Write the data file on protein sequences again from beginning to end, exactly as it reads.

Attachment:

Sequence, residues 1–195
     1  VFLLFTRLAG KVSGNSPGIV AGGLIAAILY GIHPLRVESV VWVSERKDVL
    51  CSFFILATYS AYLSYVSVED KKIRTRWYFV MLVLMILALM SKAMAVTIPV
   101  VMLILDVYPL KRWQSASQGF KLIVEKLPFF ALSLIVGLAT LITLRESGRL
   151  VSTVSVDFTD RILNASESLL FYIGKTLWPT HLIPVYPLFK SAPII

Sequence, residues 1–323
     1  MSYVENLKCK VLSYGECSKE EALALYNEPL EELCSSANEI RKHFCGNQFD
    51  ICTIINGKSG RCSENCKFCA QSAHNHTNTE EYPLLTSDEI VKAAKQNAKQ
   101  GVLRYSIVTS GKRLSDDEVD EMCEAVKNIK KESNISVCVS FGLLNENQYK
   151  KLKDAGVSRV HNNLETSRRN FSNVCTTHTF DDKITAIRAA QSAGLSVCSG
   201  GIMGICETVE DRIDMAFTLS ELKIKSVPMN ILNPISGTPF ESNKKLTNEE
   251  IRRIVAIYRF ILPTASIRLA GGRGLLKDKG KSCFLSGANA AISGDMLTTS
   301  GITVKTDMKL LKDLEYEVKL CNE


Sequence, residues 1–195
     1  VFLLFTRLAG KVSGNSPGIV AGGLIAAILY GIHPLRVESV VWVSERKDVL
    51  CSFFILATYS AYLSYVSVED KKIRTRWYFV MLVLMILALM SKAMAVTIPV
   101  VMLILDVYPL KRWQSASQGF KLIVEKLPFF ALSLIVGLAT LITLRESGRL
   151  VSTVSVDFTD RILNASESLL FYIGKTLWPT HLIPVYPLFK SAPII

Sequence, residues 1–323
     1  MSYVENLKCK VLSYGECSKE EALALYNEPL EELCSSANEI RKHFCGNQFD
    51  ICTIINGKSG RCSENCKFCA QSAHNHTNTE EYPLLTSDEI VKAAKQNAKQ
   101  GVLRYSIVTS GKRLSDDEVD EMCEAVKNIK KESNISVCVS FGLLNENQYK
   151  KLKDAGVSRV HNNLETSRRN FSNVCTTHTF DDKITAIRAA QSAGLSVCSG
   201  GIMGICETVE DRIDMAFTLS ELKIKSVPMN ILNPISGTPF ESNKKLTNEE
   251  IRRIVAIYRF ILPTASIRLA GGRGLLKDKG KSCFLSGANA AISGDMLTTS
   301  GITVKTDMKL LKDLEYEVKL CNE